Bill Clinton has convinced many lawmakers that the $792 billion Republican tax cut plan would be bad for the economy because it would divert the budget surplus away from reducing the national debt which, he insists, is critical to keeping interest rates low. While this claim may seem intuitive to many Americans, the fact is Clinton is wrong. The record of the last 18 years plainly shows that there is no relationship between the size of the national debt – nor annual budget deficit for that matter – and interest rates.
The Reagan-era 1980s, which Clinton decries, are a perfect example. According to the latest Economic Report of the President, the interest rate on new home mortgages fell from 14.70 percent in 1981 (Ronald Reagan’s first year in office) to 9.19 percent in 1988 (his last). This 37 percent drop in home mortgage rates occurred while the federal debt grew by more than 160 percent from $785 billion to $2.051 trillion. Since 1988, mortgage interest rates have fallen another 23 percent – to 7.07 percent – while the debt held by the public jumped 81 percent – to $3.72 trillion. Similar patterns, or lack thereof, can also be seen with the federal deficit.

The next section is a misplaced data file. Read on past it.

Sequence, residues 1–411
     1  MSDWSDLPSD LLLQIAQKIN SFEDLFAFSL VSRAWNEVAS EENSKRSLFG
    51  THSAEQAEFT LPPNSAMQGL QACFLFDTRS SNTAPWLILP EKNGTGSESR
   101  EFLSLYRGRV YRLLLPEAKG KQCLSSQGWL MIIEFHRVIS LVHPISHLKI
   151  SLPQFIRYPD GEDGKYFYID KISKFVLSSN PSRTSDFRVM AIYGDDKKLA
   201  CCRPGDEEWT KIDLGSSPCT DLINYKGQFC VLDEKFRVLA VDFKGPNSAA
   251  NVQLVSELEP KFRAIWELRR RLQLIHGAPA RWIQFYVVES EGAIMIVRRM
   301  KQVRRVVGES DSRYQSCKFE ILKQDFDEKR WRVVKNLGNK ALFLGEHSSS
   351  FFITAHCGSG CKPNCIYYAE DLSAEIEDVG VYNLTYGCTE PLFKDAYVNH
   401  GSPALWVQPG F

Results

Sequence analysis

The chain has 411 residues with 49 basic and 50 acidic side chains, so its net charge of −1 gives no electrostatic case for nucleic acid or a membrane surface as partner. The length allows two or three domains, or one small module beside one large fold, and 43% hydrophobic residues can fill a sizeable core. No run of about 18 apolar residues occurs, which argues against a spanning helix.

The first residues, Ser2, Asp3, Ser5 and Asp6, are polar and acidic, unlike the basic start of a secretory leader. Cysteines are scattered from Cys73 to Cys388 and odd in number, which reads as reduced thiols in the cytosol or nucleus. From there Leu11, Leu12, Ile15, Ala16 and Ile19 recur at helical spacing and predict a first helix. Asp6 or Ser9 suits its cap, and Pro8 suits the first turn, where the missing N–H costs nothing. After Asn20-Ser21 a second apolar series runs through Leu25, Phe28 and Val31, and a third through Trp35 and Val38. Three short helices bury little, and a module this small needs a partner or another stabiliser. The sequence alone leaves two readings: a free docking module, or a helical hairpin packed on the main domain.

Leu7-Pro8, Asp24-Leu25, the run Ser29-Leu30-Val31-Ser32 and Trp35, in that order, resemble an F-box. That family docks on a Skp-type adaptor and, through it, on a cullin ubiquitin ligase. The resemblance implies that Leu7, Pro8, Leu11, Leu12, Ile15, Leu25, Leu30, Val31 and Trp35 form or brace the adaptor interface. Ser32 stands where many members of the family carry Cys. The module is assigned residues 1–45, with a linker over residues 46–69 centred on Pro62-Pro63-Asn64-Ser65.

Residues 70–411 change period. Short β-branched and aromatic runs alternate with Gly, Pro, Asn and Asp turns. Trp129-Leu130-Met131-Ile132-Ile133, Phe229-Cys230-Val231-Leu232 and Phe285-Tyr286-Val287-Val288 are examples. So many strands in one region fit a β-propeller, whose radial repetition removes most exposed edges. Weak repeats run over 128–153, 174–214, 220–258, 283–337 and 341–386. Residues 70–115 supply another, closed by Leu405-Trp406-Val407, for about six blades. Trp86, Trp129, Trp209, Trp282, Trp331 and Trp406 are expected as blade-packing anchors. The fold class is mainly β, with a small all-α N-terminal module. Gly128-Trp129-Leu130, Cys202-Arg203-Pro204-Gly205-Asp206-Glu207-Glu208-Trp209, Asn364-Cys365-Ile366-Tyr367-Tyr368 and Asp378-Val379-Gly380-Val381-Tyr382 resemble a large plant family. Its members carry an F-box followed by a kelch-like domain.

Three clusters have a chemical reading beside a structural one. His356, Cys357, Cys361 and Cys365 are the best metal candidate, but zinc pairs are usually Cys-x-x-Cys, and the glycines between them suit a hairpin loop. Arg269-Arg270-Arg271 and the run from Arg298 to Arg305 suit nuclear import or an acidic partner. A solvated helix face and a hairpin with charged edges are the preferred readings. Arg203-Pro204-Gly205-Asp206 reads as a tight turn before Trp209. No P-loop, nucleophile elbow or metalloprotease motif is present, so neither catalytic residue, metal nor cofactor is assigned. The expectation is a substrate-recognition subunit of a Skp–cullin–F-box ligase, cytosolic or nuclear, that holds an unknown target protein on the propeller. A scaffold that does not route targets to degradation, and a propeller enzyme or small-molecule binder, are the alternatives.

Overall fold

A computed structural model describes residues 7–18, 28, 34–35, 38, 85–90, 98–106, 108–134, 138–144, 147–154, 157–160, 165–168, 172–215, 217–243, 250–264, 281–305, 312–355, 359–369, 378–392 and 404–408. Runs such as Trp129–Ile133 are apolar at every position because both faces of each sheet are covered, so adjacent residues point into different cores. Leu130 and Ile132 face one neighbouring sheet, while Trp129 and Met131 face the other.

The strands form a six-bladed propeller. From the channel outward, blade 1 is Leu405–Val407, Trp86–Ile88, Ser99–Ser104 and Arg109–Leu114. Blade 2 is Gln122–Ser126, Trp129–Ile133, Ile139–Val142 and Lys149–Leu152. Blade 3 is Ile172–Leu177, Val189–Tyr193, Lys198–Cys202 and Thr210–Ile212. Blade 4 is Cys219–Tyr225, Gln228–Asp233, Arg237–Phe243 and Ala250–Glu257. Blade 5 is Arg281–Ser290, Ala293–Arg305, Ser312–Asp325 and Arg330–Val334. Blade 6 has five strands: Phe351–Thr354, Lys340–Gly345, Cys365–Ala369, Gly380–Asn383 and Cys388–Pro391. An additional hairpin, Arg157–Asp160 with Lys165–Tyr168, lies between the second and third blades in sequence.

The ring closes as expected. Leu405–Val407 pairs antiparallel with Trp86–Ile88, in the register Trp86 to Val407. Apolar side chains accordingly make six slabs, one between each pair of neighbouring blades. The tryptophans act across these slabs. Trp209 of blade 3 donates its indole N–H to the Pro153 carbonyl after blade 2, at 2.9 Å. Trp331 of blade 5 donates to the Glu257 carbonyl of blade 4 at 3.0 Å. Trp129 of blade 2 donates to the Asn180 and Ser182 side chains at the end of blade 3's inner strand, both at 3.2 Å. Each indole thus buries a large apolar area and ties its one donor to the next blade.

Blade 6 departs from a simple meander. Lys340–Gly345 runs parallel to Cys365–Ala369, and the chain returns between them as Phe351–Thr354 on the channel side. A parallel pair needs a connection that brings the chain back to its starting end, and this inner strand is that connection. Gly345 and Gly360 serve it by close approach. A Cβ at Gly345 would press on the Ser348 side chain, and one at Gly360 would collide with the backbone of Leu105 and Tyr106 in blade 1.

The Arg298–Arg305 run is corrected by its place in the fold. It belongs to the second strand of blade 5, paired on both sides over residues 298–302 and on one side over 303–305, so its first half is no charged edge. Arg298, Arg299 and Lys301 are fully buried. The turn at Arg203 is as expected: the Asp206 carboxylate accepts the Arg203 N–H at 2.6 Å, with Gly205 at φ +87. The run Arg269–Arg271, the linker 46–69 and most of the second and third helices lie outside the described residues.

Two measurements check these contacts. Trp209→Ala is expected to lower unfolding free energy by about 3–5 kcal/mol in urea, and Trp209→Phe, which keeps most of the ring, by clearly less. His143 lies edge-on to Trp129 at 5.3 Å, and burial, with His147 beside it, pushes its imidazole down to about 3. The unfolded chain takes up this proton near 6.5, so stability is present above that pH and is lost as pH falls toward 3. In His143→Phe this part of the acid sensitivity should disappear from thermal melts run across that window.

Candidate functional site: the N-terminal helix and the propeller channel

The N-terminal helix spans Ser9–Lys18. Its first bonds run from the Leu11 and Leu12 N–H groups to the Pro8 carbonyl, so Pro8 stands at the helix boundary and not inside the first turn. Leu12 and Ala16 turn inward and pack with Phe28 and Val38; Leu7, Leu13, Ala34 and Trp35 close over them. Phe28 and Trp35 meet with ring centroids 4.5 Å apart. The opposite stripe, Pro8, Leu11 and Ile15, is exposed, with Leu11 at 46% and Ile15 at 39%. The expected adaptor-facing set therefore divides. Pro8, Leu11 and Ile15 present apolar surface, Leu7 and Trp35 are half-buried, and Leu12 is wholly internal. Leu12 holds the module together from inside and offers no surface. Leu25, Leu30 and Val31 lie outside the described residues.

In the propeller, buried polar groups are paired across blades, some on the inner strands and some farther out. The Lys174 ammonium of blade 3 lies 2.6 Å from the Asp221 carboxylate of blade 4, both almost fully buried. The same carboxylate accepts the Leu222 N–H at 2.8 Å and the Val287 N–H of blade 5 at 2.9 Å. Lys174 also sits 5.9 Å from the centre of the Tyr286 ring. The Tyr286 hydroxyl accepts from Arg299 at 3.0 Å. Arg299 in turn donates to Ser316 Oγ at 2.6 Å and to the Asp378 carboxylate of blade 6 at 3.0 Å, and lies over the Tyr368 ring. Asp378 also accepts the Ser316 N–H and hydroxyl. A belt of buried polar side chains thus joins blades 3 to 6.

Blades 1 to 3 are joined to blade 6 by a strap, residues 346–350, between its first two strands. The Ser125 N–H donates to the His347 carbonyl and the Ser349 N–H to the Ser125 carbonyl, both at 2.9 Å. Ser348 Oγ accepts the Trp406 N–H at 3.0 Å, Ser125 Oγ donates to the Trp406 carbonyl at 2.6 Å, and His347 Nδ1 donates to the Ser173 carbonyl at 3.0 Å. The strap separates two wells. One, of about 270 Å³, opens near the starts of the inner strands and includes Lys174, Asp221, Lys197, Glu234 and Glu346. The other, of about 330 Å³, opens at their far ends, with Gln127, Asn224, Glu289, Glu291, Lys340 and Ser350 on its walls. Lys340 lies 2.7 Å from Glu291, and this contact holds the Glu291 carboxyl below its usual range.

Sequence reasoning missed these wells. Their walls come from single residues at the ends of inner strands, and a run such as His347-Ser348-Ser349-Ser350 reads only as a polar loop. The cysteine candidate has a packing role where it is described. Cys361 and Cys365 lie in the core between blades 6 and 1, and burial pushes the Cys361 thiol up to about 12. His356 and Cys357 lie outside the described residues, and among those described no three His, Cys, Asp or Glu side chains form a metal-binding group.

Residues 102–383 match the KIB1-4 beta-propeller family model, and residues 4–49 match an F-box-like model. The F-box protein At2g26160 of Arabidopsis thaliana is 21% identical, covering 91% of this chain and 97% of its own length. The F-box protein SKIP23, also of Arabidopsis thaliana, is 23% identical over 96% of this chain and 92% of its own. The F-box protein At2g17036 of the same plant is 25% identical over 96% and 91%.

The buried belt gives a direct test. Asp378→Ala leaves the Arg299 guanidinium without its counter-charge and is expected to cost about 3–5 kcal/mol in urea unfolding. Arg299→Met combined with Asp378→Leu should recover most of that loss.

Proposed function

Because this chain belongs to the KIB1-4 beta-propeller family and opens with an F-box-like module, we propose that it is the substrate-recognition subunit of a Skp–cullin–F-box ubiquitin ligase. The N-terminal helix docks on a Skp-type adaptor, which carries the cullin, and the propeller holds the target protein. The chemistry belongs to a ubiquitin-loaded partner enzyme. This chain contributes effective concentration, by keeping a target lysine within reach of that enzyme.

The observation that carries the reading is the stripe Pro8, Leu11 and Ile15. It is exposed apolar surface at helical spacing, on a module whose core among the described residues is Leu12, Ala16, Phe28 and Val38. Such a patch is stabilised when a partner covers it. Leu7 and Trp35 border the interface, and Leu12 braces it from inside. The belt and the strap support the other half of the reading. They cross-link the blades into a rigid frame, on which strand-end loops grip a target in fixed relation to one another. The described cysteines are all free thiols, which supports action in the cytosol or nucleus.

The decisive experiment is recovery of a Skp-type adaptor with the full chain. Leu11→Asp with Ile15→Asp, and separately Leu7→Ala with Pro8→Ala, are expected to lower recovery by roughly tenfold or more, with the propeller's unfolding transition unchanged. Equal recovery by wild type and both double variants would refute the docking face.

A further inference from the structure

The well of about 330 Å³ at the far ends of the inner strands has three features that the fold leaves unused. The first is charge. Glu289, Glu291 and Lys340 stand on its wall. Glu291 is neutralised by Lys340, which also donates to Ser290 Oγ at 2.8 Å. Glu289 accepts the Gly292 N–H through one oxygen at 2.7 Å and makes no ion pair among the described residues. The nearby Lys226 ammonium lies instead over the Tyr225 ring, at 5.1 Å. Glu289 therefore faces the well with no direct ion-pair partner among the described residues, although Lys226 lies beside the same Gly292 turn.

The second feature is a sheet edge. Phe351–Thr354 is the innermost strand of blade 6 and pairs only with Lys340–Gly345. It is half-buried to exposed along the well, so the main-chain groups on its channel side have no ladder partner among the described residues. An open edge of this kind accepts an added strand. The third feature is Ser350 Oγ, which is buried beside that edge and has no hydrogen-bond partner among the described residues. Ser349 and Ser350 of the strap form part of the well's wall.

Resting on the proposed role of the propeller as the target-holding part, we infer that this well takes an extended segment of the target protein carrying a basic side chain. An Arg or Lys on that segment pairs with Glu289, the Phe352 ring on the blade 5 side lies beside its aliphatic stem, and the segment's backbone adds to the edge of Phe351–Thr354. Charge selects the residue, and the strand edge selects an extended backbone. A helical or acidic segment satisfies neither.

While the chart below clearly shows that interest rates have fluctuated over the past 18 years, these fluctuations track closely to changes in the inflation rate, not the size of the federal debt. So if Clinton is looking for factors to credit for falling interest rates, he should thank the Federal Reserve Board, not the federal Treasury.